Most sneakers will tolerate a machine wash and should come out germ free, if that is no option pack them in a sealed back and leaven them in the freezer over night - this will kill all bacteria and remove the smell.
Now to break the endless cycle you need to remove the bacteria from inside your skin.
So daily sock changes, freezing shoes and washing feet is a must!
Your feet will really benefit from a foot bath in a 5% solution of hydrogen peroxide.
To keep costs at a minimum use a container that is just the right size for your feet and prepare the solution from pool grade peroxide.
I an ideal case you should not need more than 2 liters but all used product can be stored cool and re-used the next day, after that you need to make a new batch.
Keep your feet submerged for at least 10 minutes.
This will allow a deep penetration of the skin but might result in some white spots that will disappear after a few hours.
Consenquent foot baths can be reduced to 5 minutes.
After about a week you should notice that wearing your sneakes no longer causes and bad smell and you can stop the treatment.
Freezing the sneakers over night, dialy (or more) sock changes and daily, proper cleaning of your feet should prevent any further bad smells :)
Bleaching your hair
Althoug it was done for many years I really can't recommend using hydron peroxide for this purpose!
Any concentration strong enough to have a proper effect in a reasonable time will at least cuase skin irritation.
Back in the days they said your burning scalp is what you need to endure to get blonde hair :(
And as said already you really don't want to get that stuff into your eyes...
If you have a fruit based stain then cahnces are hydrogen peroxide will remove it, especially if fresh.
Even at supermarket concentration repeated application and proper drying off with a paper towel or similar will remove even red wine or beetroot stains.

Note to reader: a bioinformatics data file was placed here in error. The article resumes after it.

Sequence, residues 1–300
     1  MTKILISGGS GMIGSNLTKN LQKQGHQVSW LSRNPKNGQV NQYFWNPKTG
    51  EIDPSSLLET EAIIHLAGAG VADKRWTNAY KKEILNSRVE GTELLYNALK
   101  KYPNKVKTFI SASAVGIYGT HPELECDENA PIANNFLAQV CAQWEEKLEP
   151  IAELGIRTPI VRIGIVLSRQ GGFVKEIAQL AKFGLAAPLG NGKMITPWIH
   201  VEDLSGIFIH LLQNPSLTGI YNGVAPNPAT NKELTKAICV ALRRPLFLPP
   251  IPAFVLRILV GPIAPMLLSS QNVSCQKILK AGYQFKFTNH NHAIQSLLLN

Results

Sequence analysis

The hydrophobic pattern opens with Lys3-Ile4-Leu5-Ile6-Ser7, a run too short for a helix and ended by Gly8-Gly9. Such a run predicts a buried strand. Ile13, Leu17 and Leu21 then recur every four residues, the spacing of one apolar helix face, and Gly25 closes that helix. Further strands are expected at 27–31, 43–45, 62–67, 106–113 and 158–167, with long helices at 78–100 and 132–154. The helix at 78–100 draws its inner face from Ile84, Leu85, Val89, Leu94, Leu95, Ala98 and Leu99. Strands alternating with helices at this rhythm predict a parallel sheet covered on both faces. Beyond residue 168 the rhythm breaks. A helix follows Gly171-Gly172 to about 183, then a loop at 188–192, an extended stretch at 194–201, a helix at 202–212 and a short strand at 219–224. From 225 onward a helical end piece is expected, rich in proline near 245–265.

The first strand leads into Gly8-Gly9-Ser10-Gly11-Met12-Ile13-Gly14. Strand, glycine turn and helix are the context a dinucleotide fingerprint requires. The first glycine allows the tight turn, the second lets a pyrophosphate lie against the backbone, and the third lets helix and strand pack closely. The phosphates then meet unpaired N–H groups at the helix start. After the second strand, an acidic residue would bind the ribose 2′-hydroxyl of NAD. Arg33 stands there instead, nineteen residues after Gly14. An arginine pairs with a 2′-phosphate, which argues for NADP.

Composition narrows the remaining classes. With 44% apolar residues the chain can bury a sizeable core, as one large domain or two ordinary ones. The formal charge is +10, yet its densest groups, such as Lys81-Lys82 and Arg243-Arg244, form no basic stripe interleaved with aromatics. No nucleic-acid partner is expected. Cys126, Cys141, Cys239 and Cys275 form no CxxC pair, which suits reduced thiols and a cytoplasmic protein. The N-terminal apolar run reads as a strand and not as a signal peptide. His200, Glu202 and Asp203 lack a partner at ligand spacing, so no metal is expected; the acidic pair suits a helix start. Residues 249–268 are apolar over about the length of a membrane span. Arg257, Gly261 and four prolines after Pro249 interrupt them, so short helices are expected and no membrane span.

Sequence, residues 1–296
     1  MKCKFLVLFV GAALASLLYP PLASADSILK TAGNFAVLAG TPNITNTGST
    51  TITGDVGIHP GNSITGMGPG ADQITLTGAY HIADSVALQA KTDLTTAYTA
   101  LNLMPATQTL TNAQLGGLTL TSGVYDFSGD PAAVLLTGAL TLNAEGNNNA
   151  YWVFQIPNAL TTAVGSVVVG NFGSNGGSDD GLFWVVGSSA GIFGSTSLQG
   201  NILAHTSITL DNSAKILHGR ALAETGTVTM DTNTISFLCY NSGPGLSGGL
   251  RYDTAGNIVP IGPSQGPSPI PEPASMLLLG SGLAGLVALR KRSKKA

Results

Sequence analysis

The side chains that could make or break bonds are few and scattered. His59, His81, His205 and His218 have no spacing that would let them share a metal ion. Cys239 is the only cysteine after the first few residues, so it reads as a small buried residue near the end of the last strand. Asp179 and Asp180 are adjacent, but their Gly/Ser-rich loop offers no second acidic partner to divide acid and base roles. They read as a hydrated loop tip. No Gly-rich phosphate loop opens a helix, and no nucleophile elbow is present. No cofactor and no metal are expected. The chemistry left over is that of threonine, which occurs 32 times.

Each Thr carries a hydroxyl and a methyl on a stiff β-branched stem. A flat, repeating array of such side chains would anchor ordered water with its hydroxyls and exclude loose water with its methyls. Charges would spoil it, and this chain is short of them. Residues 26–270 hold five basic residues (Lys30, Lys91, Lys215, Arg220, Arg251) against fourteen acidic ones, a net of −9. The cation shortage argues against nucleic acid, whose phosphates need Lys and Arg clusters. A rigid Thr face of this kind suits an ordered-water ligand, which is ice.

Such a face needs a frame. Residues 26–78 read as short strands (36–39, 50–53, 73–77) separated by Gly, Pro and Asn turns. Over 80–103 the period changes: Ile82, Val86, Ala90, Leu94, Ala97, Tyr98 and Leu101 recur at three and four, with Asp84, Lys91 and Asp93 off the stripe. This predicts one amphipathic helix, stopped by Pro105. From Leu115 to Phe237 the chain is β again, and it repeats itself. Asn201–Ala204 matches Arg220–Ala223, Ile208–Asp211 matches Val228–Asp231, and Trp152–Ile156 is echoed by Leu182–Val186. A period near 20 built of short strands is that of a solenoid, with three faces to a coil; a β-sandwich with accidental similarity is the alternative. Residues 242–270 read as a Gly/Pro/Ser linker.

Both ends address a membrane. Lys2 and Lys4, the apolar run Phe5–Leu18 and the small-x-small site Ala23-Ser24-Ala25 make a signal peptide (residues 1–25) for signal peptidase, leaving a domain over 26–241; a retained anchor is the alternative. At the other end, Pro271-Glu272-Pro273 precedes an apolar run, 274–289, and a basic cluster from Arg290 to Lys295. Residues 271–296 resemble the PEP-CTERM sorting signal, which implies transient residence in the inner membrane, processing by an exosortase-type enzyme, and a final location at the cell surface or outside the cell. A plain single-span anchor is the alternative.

On you skin blood is easy removed with cold water, same on other surfaces but washing off is no option a wet cloth or cotton piece will work fine.
Hydrogen peroxide is good if things need to go fst or if the surface is porous, here the releasing oxigen will drive out the blood with the bubbles.
If you love your tank then you really hate to medicate or even worse have a bad algea infestion, especially the stuff of the black kind.
A change to activated carbon filter material is always recommended after a medical treatment to remove all leftovers from the system.
However, certain medication simply won't be affected by a carbon filter and stay in the system until fully used or broken down otherwise.
Especially in bigger tanks a partial water change is often out of the question as it would cause too much additional stress to the fish and plants.
Hydrogen peroxide can help to break down most if not all remains of the used medication while at the same time adding more oxygen to the water.
To be sensitive and safe in all enviroments I recomment to calculate the concentration based on the volume of your tank and to add the required amount of peroxide very slowly into the outgoing water stream from your pump.
By slowly I mean in terms of a slow drip if using solutions over 10% to be added to the tank.
If in doubt remove a suitable amount of tank water into a bucket and add the concentrated peroxide to reach the final tank limit.
I strongly recommend to stay below 2% in favour over additional treatments a few days later if required.
That means the diluted solution you add should be entered into the tank slowly if in doubt add a glass full every few minutes.